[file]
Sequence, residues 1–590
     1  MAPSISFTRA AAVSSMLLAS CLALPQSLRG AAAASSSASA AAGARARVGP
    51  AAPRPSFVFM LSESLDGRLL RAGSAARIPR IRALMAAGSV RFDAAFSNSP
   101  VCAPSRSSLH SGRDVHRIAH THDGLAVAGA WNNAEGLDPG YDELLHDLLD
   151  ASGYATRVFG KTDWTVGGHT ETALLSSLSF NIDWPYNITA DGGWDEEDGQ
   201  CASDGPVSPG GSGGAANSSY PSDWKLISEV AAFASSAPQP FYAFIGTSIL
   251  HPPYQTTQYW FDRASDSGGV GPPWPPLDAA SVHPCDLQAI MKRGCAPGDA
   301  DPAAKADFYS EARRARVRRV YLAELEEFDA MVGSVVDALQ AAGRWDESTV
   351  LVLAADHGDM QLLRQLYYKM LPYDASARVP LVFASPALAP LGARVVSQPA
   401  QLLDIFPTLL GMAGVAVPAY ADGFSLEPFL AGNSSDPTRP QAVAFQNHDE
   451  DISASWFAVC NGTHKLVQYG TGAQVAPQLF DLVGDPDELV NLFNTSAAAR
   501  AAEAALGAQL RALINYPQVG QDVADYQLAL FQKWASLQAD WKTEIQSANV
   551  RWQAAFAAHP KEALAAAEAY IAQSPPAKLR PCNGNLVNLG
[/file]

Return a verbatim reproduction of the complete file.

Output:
Sequence, residues 1–590
     1  MAPSISFTRA AAVSSMLLAS CLALPQSLRG AAAASSSASA AAGARARVGP
    51  AAPRPSFVFM LSESLDGRLL RAGSAARIPR IRALMAAGSV RFDAAFSNSP
   101  VCAPSRSSLH SGRDVHRIAH THDGLAVAGA WNNAEGLDPG YDELLHDLLD
   151  ASGYATRVFG KTDWTVGGHT ETALLSSLSF NIDWPYNITA DGGWDEEDGQ
   201  CASDGPVSPG GSGGAANSSY PSDWKLISEV AAFASSAPQP FYAFIGTSIL
   251  HPPYQTTQYW FDRASDSGGV GPPWPPLDAA SVHPCDLQAI MKRGCAPGDA
   301  DPAAKADFYS EARRARVRRV YLAELEEFDA MVGSVVDALQ AAGRWDESTV
   351  LVLAADHGDM QLLRQLYYKM LPYDASARVP LVFASPALAP LGARVVSQPA
   401  QLLDIFPTLL GMAGVAVPAY ADGFSLEPFL AGNSSDPTRP QAVAFQNHDE
   451  DISASWFAVC NGTHKLVQYG TGAQVAPQLF DLVGDPDELV NLFNTSAAAR
   501  AAEAALGAQL RALINYPQVG QDVADYQLAL FQKWASLQAD WKTEIQSANV
   551  RWQAAFAAHP KEALAAAEAY IAQSPPAKLR PCNGNLVNLG